Adler Schnee at the opening for "Ruth Adler Schnee: Modern Designs for Living" at Cranbrook Art Museum.
CNN  — 

In November of 1938, when Ruth Adler Schnee was 15 years old, Nazi soldiers smashed the windows of her family home in Dusseldorf, Germany. They wrenched the doors off their hinges, shattered the Limoges china and threw the Biedermeier furniture out the window, as part of a violent campaign targeting Jewish families in the prologue to the Holocaust.

Adler Schnee’s parents had ties to art and literature – her father, Joseph, ran an antiquarian bookstore while her mother Marie, had studied in the iconic Bauhaus school of design – and among the items ruined was a Paul Signac watercolor that the Nazis had knifed into small pieces. The Adlers were not home at the time, and when they returned everything had been destroyed. They collected the pieces of the Signac painting and later had it restored, though it was never the same.

Adler Schnee, who became a pioneer in mid-century textile and interior design, is now 96 years old. She still owns the Signac watercolor: an object lesson in resilience. “It’s not worth anything like if it were intact,” she said in an oral history conducted for the Smithsonian’s Archives of American Art in 2002. “However, it’s really of much more worth to me because of what happened to it.”

Adler Schnee's living room design for the Rosenthal Residence, Bloomfield Hills, Michigan, 1961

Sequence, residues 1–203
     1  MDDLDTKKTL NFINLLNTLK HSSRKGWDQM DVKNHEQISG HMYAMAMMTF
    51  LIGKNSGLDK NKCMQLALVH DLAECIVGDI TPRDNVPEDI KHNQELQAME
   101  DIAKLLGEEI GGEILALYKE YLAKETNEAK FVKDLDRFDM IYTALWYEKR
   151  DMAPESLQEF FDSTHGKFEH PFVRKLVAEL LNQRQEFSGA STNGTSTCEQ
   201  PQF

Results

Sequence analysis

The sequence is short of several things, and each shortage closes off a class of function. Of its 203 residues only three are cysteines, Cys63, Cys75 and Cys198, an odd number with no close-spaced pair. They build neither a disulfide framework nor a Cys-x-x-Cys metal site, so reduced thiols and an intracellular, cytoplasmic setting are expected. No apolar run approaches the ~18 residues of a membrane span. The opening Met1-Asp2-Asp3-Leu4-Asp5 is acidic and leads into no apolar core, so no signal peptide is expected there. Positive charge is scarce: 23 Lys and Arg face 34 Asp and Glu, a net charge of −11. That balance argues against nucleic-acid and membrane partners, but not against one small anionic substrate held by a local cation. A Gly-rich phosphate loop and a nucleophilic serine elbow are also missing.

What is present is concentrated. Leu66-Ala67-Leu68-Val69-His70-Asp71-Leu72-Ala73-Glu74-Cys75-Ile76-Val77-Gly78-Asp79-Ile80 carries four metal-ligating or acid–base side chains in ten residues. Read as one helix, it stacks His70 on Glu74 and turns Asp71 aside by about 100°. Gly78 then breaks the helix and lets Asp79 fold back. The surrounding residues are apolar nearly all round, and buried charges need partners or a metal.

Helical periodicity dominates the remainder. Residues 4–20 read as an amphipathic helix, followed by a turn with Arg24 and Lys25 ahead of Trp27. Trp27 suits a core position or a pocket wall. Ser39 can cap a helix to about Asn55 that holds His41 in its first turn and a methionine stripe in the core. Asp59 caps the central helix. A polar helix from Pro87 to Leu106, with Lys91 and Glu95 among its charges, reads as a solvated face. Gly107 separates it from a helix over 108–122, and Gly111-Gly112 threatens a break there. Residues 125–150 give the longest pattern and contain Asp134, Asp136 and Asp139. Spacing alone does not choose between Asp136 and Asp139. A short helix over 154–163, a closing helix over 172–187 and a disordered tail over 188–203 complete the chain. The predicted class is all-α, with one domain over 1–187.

The designer was the recent subject of the retrospective “Ruth Adler Schnee: Modern Designs for Living” at the Cranbrook Museum of Art in Michigan. In the course of her 70-year career, Adler Schnee became known for the colorful, abstract fabrics and interiors she designed for architects including Frank Lloyd Wright and Buckminster Fuller. If Adler Schnee’s work hasn’t been given the recognition it deserves, it is perhaps due to the fact that textile design, and the “women’s work” of the decorative arts more broadly, have long been relegated to the sidelines of art history. Though her male peers have been widely celebrated for their contributions to 20th-century design, Adler Schnee’s story highlights how a woman helped shape the aesthetic revolution known as mid-century modernism.

Early hardship

Adler Schnee was creative from a young age. Modernist artist Paul Klee was a close family friend, and she spent time with her younger brother in Klee’s studio, playing with his colorful mobiles and stabiles. “I think that was really the beginning,” she said of her interest in design during a 2013 talk at the Cranbrook Performing Arts Center.

As a teenager, she risked imprisonment to sneak into Munich’s infamous Degenerate Art Exhibition of 1937, organized by the Nazi party to showcase what they perceived as the era’s decay. Wearing a large brown fur hat as a disguise, Adler Schnee was immediately transported by the brilliant color of artists such as Oskar Kokoschka, George Grosz and Wassily Kandinsky.

Adler Schnee's vibrant polyester textile "Fission Chips," 2012.

Already, the Adlers were experiencing the steady tightening of restrictions on Jewish life. No longer able to enter Christian stores, the family relied on their nanny to leave groceries on their doorstep at night. In the winter of 1939, Joseph was sent to the Dachau concentration camp. He was released, miraculously, after Marie’s relentless petitioning, and returned to his family starved, shoeless and missing his front teeth. Within days the family began preparations to escape to the United States. The rest of the extended family would die in Lodz and Auschwitz.

“Is one recognized again as a human being? Oh, it is too beautiful to be reality,” the teenaged Adler Schnee wrote in her diary upon crossing the border into France. When the Adlers eventually arrived in Detroit, where Joseph had been promised a job that never materialized, Marie sewed mattresses in a factory while the family made lampshades at night.